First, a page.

Personal Standards of Proof

From my experience debating in the posts and comments of the Internet, I’ve come to realize something: Each person has his or her own metric by which they weight evidence and arguments, and their own level of skepticism that needs to be overcome before they are convinced of a point.

I’ve always leaned towards objectivity and neutrality when it comes to debates. Not so far as to venture into relative truth territory – “Oh sure that may be true for you, but not for me” – as I believe that there is always an absolute trtuh. Whether we can conclusively determine what the absolute truth is, is another matter.

That last point brings me back to Personal Standards of Proof. To better understand what I’m getting at, let’s begin with the concept of reasonable doubt – ‘the level of certainty a juror must have to find a defendant guilty of a crime’.

For example: Zed was found at the crime scene covered in the victim’s blood, with his hand clutching the victim’s guts, and with sixteen separate witnesses to the crime – ten of them with cellphone cameras capturing the murder in real time. I as a juror would find this evidence that Zed committed a murder, beyond reasonable doubt.

Conrasting example: Wilma is accused of having bludgeoned to death the media tycoon Sir Ramsey. However, she did not know the man, had no motive to kill him, is half the former amateur wrestler Ramsey’s size, and her World of Warcraft account is shown to have been logged in and active at the time the murder was committed. Hence I as a juror would have plenty reasonable doubt that she did in fact commit the murder.

Similar to the above, but applied to areas beyond criminal persecutions, differing Personal Standards of Proof cause each person to come to different conclusions.

For example: A slew of IPCC reports might be enough ‘proof’ to convince John that global warming is a dire threat caused primarily by human emissions of CO2. Meanwhile, a slew of exposés of the shoddy science underlying those same reports might be enough ‘proof’ to convince Suzy that global warming is an overblown, dishonest scare.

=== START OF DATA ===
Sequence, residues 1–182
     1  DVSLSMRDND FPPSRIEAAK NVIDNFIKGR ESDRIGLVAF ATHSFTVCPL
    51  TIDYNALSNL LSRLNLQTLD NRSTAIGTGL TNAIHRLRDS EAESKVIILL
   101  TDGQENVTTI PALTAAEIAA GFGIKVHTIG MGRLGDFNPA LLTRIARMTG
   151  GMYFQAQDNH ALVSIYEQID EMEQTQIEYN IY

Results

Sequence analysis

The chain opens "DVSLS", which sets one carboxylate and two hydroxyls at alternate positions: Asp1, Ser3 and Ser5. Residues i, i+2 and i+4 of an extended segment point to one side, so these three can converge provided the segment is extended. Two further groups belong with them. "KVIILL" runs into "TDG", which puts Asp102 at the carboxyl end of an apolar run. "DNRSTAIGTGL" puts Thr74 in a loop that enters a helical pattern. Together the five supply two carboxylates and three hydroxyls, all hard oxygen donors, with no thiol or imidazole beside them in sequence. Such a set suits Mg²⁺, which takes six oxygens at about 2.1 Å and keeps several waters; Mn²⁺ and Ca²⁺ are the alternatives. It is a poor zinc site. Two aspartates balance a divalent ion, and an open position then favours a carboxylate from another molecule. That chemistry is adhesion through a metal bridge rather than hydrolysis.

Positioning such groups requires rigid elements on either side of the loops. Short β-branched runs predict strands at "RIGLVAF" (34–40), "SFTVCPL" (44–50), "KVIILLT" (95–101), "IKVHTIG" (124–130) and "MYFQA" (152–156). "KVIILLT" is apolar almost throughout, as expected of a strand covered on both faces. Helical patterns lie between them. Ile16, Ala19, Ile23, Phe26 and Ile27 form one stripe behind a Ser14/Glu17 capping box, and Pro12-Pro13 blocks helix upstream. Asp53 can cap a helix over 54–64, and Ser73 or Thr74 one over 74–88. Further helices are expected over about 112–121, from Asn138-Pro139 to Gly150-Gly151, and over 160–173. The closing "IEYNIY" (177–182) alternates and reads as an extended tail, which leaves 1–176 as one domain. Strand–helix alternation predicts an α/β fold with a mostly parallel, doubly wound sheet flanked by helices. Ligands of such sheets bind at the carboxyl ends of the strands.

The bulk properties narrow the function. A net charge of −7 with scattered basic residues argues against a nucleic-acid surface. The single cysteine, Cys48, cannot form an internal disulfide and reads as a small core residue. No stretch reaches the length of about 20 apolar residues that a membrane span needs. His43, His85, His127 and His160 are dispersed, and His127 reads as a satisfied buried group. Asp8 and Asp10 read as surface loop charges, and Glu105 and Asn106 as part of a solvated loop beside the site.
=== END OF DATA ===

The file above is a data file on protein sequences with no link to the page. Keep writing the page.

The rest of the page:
Another example: A series of unlikely events occurs that seem to be in direct answer to a religious prayer. To Michael, this is proof enough that God is real and answers prayers. Whereas to Betty, this can be dismissed as pure coincidence, albeit with a cumulatively low random probability.

In short: What may be conclusive and inassailable to me, may not be as watertight and bulletproof to you. And what may constitute ‘good enough’ to you, may fall short to me.

From all of this, I’ve settled into a position where I present my points, arguments and citations to support my position. I will also rebutt and undermine those raised by my opponents. If I feel that they are not seeing a certain item clearly or that their interpretation is inaccurate, I will point it out to them.

But at the end of the day, I accept that neither of us will likely change our minds – despite all the ‘proof’ that was flung about. Hence I can let the debate trail off without thinking that my opponent is an utterly biased imbecile. Oh, he or she may very well actually be one, just that I don’t automatically assume so just because we come to different conclusions.

So back to “Oh sure that may be true for you, but not for me”. Although there is an absolute, undeniable truth, that saying is actually quite applicable real life – because a very convincing argument to John may be a shoddy argument to Suzy. Based on the same set of incomplete, imperfectly proven data available, they each will come to their own different conclusions.

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